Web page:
Before there was Captain America, or Captain Crunch, or any of those jokers, there was… Captain Arthur Donnithorne. He's the captain of the local militia, a.k.a. "the guy who should be running Hayslope instead of that jerk we've got now."
The present Squire Donnithorne is a disagreeable old man, and when "well-washed, high-bred, white-handed" Arthur comes of age and takes over, he'll usher in better times. For Hayslope's farmers and craftsmen, he outshines every other "captain" on earth "as the planet Jupiter outshines the Milky Way" (5.37).
Arthur's character tells us a lot about the community around him. The truth is, a lot of these people get Arthur wrong. He isn't just a cool-looking herald of better times. He has his faults, especially where women are concerned. Nobody—not Adam, not even wise Mr. Irwine—suspects that Arthur has a weakness for pretty Hetty Sorrel.
So Arthur has flaws, and Hayslope has a flawed way of viewing him. But Adam Bede is all about flaws, all about "inconsistent people whose movements of goodness you should admire" (17.4). What Eliot often shows us is an Arthur that the people of Hayslope don't see. He isn't just "The Captain." And he isn't just the "selfish light-minded scoundrel" who seduces and impregnates Hetty Sorrel (27.29). He's a complex mixture of some bad things, some good things, and a really good hairdo.
Arthur is a nice, easygoing guy—maybe too easygoing:
He was of an impressible nature, and lived a great deal in other people's opinions and feelings concerning himself. (16.38)
He likes flattery. He has trouble standing up to people, including his own irresponsible side. You'll never see Arthur scheming to rule the world, or even see him having one too many at the pub. But he's pretty irresponsible when it comes to sleeping with pretty girls in the time BBC (that's Before Birth Control).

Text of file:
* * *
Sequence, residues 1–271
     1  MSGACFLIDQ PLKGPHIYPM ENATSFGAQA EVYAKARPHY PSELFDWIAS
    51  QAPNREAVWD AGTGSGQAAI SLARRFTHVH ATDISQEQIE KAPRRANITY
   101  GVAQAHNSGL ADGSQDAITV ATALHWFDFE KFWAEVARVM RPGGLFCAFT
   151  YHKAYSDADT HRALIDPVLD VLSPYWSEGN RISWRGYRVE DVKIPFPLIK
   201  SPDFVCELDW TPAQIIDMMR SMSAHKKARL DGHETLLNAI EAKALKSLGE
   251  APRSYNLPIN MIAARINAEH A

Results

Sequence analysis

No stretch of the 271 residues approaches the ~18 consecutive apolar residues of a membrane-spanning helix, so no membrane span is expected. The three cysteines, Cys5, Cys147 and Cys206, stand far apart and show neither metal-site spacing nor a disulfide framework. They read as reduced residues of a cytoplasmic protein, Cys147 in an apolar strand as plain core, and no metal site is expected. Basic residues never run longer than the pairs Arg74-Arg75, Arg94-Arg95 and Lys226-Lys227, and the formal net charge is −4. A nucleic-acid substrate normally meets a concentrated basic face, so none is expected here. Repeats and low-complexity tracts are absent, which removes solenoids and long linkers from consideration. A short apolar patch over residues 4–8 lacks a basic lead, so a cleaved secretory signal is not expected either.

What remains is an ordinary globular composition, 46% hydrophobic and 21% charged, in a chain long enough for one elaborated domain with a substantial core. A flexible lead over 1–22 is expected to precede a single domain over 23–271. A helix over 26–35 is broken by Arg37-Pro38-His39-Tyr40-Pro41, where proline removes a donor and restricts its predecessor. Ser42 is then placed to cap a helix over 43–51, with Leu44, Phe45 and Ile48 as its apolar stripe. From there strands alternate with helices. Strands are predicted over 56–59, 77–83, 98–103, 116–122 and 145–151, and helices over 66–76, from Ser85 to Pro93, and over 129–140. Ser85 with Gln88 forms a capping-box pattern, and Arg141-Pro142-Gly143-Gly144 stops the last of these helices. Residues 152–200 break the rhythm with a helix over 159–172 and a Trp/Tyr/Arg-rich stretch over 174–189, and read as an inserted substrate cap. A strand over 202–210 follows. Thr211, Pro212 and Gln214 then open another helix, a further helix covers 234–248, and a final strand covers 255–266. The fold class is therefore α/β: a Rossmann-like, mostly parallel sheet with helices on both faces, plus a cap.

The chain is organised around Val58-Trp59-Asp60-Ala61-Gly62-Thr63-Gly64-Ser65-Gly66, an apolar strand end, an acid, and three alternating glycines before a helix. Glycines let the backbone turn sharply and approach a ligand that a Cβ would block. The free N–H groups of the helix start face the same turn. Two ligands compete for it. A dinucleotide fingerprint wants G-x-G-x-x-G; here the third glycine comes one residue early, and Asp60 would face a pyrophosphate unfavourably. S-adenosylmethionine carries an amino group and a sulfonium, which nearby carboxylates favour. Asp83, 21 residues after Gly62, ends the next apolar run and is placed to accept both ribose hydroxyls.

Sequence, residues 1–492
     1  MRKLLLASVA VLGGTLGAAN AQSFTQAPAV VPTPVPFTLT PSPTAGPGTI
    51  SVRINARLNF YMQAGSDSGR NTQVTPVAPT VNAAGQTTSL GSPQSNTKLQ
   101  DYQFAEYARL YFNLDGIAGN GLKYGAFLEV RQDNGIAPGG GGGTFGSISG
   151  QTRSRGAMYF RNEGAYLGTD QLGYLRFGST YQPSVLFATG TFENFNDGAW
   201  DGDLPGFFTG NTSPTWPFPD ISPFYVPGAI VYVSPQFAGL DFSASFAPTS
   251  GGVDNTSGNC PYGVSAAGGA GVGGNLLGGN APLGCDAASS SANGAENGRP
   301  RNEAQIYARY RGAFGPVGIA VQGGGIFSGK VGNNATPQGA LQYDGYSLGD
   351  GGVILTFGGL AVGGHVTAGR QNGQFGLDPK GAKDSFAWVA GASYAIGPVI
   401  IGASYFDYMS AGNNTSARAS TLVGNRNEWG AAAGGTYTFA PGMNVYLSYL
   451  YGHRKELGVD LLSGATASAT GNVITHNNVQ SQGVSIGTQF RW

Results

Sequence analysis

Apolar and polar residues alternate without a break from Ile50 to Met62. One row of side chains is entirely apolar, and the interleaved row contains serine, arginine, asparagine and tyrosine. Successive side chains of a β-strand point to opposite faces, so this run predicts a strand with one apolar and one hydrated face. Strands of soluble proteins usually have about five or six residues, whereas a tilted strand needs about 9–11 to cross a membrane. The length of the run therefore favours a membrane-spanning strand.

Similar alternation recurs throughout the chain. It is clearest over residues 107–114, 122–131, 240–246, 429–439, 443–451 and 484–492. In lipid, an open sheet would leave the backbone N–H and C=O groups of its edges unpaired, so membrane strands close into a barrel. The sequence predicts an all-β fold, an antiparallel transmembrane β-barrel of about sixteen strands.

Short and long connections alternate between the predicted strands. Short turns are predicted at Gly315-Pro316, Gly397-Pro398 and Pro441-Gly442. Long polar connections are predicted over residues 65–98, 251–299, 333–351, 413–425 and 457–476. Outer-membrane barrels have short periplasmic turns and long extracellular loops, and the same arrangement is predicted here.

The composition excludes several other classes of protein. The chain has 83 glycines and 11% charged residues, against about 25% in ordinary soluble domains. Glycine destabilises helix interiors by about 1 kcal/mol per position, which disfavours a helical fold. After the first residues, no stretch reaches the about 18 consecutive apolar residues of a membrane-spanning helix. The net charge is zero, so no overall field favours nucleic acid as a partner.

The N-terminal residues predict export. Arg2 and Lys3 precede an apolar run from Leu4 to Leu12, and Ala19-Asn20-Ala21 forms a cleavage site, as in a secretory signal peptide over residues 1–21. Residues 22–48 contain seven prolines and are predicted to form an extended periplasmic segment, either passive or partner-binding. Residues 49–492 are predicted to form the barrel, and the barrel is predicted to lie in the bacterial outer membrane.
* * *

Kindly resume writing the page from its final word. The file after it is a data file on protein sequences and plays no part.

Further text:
So a guy who really contains about 0% villainy causes more trouble than most villains would. He upends the life of a decent young man (Adam), drives an innocent girl to murder (Hetty), and rattles the nerves of everyone else in the novel. Oops.
The problem is that Arthur's values, good as they are, have never been tested, tried, and toughened. There's Arthur's "native impulse to give truth in return for truth, to meet trust with frank confession" (28.38). Ah, but how often has he had to defend this "impulse" against the temptation to sneak around? Not often. Arthur's values are healthy, in theory. But in practice?
Arthur learns the costs of living in a personal la-la land. And although he's an ace at keeping up appearances, he learns that he can't reverse the past. By the end of the novel, he is once again capable of smiling at Adam "just as he did when he was a lad" (Epilogue.21). Yet carries a sense of loss and grief that won't go away.